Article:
Regarding the inconsistency in severity when explicitly sending the message to SAPI logger as opposed to letting it fall there by default because error_log INI directive is unset, that inconsistency would be... odd, if intended. But, if that were the case it should at least be documented. The author of the PR seems to suggest it was unintended: https://github.com/php/php-src/pull/1981#issuecomment-360932281
I think with the syslog/SAPI juggling between error_log() and error_log I managed to get the two of them mixed up. So ignore what I said.
tl;dr: IMO errors becoming notices is intentional and should remain but needs to be documented, while the 0/4 behavior should be fixed so that either error_log() with 4 explicitly logs as a notice or all messages are errors.
Here's an unnecessarily in-depth analysis of everything.
As of that PR 1981, error_log() with default/0 explicitly classifies as a notice (unchanged) and with 4 classifies using the logging's default which is as an error for Apache (unchanged). Additionally the SAPI error logger is capable of differentiating between PHP's error levels when that information gets passed through (new). That "gets passed through" happens when error logging goes through the error_log setting, and not through error_log() since that doesn't receive any severity information.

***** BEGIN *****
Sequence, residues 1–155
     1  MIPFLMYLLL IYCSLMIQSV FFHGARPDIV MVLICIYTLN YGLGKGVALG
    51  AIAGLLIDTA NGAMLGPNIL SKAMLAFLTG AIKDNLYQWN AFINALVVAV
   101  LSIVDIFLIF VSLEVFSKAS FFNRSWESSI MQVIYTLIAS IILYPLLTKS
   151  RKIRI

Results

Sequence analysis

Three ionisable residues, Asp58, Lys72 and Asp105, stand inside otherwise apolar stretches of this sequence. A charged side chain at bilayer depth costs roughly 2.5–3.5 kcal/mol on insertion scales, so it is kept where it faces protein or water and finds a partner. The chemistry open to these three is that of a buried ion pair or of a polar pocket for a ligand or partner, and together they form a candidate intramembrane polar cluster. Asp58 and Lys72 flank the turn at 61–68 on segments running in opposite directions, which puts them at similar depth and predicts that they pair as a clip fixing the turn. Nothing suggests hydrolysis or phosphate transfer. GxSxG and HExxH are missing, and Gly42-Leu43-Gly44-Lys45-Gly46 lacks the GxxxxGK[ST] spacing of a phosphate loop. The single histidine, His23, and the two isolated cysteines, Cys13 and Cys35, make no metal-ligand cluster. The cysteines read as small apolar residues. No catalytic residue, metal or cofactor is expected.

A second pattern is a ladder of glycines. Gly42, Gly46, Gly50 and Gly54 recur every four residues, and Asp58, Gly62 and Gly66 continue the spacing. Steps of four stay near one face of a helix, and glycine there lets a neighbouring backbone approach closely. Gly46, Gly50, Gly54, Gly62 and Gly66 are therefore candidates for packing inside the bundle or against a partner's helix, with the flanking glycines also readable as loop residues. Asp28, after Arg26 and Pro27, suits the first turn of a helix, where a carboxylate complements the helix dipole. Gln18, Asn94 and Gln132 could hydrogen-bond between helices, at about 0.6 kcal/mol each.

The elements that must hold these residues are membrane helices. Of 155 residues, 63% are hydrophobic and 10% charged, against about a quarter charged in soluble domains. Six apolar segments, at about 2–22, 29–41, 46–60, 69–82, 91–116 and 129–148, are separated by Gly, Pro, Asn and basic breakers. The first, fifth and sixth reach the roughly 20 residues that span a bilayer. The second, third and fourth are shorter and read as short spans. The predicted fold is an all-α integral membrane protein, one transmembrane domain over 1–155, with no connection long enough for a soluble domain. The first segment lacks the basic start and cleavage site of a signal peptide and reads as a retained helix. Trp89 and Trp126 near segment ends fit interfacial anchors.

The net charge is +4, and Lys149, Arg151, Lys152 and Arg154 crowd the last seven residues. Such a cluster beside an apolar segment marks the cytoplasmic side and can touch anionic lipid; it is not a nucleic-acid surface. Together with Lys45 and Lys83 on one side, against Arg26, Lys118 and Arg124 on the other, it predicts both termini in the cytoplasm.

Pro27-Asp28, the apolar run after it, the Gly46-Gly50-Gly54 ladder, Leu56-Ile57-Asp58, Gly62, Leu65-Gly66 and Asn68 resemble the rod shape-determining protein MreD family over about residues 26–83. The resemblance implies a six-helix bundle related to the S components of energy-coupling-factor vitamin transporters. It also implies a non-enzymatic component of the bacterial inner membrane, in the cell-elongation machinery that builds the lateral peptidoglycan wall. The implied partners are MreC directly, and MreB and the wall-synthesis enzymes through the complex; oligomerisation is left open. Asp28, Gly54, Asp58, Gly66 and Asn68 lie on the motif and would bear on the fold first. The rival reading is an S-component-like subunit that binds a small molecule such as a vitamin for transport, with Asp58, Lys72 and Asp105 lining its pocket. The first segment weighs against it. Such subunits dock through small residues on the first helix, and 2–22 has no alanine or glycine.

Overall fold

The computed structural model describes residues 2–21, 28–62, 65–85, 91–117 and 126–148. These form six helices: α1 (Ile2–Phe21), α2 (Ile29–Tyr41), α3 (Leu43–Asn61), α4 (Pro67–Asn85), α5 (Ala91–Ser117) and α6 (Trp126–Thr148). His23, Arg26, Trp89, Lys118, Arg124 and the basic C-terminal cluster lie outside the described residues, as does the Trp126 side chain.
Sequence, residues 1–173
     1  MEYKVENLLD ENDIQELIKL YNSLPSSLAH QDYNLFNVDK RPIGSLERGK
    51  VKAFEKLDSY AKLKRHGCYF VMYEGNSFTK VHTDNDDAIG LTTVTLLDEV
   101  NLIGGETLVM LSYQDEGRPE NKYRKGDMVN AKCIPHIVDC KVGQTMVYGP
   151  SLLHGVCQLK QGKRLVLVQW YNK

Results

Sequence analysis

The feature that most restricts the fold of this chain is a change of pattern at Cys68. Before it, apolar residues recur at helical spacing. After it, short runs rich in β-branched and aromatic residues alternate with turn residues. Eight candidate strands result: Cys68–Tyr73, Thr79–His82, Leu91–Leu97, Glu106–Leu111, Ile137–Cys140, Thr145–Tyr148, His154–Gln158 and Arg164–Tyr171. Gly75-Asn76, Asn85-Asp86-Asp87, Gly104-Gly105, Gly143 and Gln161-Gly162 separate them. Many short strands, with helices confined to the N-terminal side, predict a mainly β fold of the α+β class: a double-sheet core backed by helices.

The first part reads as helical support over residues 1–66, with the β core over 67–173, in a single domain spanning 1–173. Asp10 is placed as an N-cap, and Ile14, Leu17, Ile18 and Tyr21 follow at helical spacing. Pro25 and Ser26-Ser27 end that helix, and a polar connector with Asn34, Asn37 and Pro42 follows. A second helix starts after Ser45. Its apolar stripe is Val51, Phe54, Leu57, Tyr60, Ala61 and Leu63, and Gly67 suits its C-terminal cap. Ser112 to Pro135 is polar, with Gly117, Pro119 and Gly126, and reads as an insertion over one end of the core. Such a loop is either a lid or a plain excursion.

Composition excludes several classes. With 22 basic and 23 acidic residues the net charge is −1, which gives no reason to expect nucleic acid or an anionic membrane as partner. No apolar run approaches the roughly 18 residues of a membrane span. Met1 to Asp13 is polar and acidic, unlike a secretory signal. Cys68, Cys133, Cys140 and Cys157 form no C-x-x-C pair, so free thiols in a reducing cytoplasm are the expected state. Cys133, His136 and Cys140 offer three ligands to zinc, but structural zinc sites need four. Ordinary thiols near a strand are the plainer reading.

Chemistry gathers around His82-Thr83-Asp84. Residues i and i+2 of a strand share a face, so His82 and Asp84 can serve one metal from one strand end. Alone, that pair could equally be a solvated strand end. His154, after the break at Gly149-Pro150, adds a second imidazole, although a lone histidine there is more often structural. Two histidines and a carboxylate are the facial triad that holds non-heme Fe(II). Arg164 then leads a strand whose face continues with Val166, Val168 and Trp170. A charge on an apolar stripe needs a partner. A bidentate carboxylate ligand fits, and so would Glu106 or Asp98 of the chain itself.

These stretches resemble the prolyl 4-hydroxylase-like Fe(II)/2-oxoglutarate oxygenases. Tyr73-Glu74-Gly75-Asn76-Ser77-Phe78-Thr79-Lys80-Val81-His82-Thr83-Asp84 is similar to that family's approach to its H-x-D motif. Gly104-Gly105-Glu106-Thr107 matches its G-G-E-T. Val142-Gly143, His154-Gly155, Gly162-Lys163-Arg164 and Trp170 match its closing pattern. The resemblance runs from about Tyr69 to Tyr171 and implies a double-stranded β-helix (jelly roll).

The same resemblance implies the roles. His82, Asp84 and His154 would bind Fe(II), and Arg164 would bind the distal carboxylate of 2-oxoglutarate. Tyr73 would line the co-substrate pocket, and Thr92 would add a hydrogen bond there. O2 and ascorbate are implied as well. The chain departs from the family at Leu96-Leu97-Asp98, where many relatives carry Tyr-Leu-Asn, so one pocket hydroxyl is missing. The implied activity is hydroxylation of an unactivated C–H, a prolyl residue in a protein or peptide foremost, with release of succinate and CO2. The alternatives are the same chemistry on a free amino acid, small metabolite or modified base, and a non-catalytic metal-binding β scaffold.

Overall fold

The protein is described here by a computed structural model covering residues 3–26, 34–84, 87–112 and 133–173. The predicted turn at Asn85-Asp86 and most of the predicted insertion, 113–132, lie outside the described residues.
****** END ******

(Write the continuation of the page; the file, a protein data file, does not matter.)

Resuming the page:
The result is the two differences you pointed out:
1. Previously, error_log() with default/0 had tried to log as a notice, however if the error went through the SAPI (meaning error_log is unset or empty) then Apache's behavior of forcing an error took over. Now, error_log() still tries to use a notice as before but this time Apache will respect that.
2. Now that SAPIs can respect the error level, to keep backwards compatibility the Apache logger uses error as the default level and error_log() with 4 will indicate the default level.
In other words,
- error_log() with default/0 and error_log *set* will log as a notice (unchanged)
- error_log() with default/0 and error_log *unset* will log as a notice (unchanged) but Apache will honor that (new)